Accumulating consistent evidence from these three different types of therapy research provides a set of converging operations that can provide a more solid basis for inferring psychotherapy efficacy, even though the questions they address differ. Beyond these, moreover, Naturalistic effectiveness research and Qualitative/narrative research can also play supportive roles in supporting causal efficacy claims for a psychotherapy: An efficacious therapy will show strong pre-post effects (especially persuasive with chronic problems) and will attract client narratives testifying to the experienced effectiveness of a psychotherapy. Each of these approaches provides evidence that bears on the broad question of effectiveness/efficacy, creating a network of linked evidence supporting the theory of a therapy’s effectiveness, what Cronbach and Meehl (1955) called a nomological net.

2. I got a real kick out of Roz Shafran, who teaches CBT at the University of Reading. In her presentation, she argued passionately that an excellent example of how to bridge the research-practice gap is work on key processes in Obsessive-Compulsive difficulties, including prolonged exposure and response prevention, thought-action fusion, contagion propagation, and the memory disrupting effects of repeated checking. These are all processes that were identified in practice, tested and refined through experimental laboratory research, and then fed back into practice as within-session therapeutic experiments. (These are analogous to EFT tasks.) During the question period, I said that I’d love to use change process research methods on this therapy, such as doing qualitative interviews. Roz responded, “Let’s work together!”, and I reached over and shook her hand; the audience applauded.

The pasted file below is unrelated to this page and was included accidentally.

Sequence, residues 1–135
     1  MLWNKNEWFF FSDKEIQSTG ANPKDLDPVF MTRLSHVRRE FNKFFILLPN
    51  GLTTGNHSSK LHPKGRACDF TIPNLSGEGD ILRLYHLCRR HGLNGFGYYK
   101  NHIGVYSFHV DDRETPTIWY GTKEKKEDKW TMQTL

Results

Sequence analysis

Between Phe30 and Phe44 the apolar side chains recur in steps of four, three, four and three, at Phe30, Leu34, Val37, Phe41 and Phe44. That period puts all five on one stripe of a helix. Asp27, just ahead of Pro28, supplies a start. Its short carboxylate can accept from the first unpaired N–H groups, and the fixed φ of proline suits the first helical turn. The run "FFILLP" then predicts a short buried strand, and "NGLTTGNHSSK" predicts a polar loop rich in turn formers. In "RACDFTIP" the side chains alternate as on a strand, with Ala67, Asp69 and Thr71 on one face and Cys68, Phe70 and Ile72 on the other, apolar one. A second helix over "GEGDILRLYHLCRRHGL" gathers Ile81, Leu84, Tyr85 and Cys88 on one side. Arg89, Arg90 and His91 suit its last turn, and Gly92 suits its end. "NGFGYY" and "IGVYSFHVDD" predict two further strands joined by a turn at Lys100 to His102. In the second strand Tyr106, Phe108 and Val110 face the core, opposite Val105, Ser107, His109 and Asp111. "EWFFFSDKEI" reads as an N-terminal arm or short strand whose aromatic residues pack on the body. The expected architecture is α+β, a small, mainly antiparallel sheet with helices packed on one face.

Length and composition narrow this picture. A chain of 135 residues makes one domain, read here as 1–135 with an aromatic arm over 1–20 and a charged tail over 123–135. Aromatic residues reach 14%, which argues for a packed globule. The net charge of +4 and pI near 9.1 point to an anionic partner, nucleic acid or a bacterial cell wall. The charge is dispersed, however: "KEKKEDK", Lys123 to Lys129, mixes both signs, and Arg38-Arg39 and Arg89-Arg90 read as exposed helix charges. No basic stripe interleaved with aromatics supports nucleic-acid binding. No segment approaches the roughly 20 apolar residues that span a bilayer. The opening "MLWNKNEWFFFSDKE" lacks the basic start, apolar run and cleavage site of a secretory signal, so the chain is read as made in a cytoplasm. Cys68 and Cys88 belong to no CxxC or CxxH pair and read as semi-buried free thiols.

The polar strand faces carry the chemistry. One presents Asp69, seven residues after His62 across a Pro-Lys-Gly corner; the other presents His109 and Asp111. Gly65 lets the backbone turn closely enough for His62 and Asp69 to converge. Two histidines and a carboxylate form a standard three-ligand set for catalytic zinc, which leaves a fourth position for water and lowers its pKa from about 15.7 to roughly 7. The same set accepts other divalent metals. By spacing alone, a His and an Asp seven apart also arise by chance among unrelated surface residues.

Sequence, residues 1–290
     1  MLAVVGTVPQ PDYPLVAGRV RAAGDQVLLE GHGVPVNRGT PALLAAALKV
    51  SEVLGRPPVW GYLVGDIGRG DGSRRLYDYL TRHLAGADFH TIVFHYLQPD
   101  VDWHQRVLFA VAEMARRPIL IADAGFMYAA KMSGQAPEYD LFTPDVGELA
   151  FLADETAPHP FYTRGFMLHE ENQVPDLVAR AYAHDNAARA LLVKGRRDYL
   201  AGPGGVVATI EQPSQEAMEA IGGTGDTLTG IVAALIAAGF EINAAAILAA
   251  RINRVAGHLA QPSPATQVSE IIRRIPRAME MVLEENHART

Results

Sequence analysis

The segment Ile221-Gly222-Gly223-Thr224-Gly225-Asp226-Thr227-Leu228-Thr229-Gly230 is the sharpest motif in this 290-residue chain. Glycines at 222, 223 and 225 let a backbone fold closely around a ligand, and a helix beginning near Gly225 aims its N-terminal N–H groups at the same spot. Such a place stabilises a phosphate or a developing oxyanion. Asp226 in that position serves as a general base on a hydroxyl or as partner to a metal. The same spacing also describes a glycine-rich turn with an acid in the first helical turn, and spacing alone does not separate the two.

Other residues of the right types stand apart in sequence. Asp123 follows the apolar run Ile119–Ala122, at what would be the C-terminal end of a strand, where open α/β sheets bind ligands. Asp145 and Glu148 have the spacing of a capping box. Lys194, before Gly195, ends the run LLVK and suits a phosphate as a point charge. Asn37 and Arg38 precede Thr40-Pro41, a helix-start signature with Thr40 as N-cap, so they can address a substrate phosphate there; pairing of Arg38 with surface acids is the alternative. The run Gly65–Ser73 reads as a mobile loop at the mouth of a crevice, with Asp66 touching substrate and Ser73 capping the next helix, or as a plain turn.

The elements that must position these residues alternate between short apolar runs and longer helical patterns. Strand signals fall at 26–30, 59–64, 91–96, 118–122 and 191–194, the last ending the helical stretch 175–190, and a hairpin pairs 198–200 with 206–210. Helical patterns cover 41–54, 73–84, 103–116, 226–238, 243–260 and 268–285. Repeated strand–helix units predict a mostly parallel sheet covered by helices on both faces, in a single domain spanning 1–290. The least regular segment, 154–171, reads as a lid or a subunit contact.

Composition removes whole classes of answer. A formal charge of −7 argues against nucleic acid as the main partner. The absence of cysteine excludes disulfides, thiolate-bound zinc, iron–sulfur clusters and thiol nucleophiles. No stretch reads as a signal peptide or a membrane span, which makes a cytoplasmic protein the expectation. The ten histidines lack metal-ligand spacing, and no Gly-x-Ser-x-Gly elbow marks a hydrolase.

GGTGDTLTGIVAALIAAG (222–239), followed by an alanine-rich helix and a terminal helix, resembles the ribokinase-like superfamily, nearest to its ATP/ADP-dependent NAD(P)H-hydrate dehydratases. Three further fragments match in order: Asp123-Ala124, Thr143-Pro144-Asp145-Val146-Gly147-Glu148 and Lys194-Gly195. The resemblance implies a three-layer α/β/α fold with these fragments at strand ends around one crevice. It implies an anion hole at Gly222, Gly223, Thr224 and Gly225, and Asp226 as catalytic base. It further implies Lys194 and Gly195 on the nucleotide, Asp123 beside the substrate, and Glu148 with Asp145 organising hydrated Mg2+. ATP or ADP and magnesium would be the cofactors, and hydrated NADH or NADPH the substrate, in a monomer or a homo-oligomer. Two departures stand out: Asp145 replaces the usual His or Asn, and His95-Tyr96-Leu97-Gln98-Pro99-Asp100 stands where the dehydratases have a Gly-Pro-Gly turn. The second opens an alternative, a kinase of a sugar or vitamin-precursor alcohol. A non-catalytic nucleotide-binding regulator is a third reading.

3. A few minutes later, someone in the audience, perhaps in an attempt to burst the panel’s bubble of pluralistic unanimity, asked the question that we’d all being avoiding: what we thought about NICE’s use of evidence. Although Tony ducked the question, Roz and I gave differing views, with her defending NICE and me criticizing its use of evidence. I’ve since learned that the situation with NICE is a bit more complicated, a topic that I intend to take up in a later blog entry. Shortly after that, the session ended, but the connection remains, and I look forward to further dialogue with Roz and others, such as Shirley Reynolds (who teaches at U of East Anglia and who I know from Sheffield days in the mid-1980’s).